Newsweek's Jonathan Alter thinks a re-emergence of Osama bin Laden during the last two weeks of the presidential campaign may not hurt Sen. Barack Obama as it did to Sen. John Kerry in 2004.
Alter puts forth the idea Kerry made an error in failing to push rhetoric about bin Laden four years ago, while Obama, in his opinion, has not.
Seven years after 9/11, the country is in a different place, and the Obama campaign would respond to a bin Laden tape in a different way. For two years, Obama has been reminding audiences that the Bush administration has failed to catch bin Laden.On an Oct. 9 episode of the Charlie Rose program, journalists including David Brooks and the loopy Mark Halperin did an extreme tap dance around the notion McCain's only hope in this election was either a traumatic terrorist attack or the meddling of al Qaeda media attack.
Aside from poking around military intervention on the Pakistani border, Obama has not sufficiently formed the requisite narrative that al Qaeda is still running around the globe active and poised to attack, nor as Alter says reminded voters that bin Laden has not been apprehended by the Republican president.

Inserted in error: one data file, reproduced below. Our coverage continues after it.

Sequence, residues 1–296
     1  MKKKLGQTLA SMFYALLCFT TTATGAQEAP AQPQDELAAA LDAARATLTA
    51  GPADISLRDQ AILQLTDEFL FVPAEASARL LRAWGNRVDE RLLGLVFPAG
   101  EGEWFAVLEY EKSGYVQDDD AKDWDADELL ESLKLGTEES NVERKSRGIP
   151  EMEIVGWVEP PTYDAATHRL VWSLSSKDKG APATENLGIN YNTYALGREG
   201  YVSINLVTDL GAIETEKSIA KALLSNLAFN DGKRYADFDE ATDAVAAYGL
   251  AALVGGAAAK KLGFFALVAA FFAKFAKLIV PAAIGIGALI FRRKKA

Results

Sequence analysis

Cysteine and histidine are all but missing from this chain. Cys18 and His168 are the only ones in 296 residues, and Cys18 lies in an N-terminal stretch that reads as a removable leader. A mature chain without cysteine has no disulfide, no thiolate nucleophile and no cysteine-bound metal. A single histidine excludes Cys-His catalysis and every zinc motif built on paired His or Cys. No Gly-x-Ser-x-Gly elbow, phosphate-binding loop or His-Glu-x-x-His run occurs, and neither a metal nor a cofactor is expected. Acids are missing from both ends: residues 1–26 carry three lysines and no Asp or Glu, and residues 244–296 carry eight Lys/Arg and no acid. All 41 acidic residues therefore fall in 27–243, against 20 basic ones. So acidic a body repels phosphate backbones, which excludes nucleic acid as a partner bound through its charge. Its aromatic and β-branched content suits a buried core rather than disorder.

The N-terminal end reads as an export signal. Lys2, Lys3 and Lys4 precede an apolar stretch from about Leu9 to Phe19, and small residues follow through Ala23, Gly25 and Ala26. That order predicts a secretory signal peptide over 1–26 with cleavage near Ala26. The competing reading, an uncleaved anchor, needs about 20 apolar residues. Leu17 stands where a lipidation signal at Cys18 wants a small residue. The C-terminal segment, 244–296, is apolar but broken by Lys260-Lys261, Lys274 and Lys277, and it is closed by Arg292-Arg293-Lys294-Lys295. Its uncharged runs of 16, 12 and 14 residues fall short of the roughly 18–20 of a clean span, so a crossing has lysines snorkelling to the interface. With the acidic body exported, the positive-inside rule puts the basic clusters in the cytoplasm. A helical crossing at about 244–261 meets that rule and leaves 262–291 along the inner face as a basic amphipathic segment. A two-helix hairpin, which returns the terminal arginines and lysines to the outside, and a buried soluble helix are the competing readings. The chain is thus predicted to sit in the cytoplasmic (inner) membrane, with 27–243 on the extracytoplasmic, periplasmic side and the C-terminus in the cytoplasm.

Like Kerry, Obama is very much vulnerable to intervention from the caves of rocky Afghanistan.
Obama's campaign has to be praying the media arm of al Qaeda recently ran out of VHS and eight-track tapes.
_____________________________The problem has more to do with the media upheaval in the day of 24-hour news cycles than the perception of Obama's inexperiences versus McCain's relative experience.
The numbers may show Obama with a fairly strong lead nationally as well as a multitude of possible electoral equations due to tightening races in battleground states, yet certain important demographics are trending his way, but by no means solid.
White males, although reported today in a poll passed a majority for Obama, could be easily swayed back to McCain if bin Laden butts into the campaign. Women, could also latch onto the Straight Talk Express if an atmosphere of danger arises.
The most tenuous factor could be voters who reluctantly support Obama despite racial prejudices who merely needed a reason to vote for the old white man.
Like it or not, too many voters, possibly your neighbors and the guy down at The Home Depot, believe or suspect Obama to be a stealth Muslim. For this reason, Obama's campaign has to be praying the media arm of al Qaeda recently ran out of VHS and eight-track tapes.
Above all, a change in conversation, whatever it may be, favors McCain.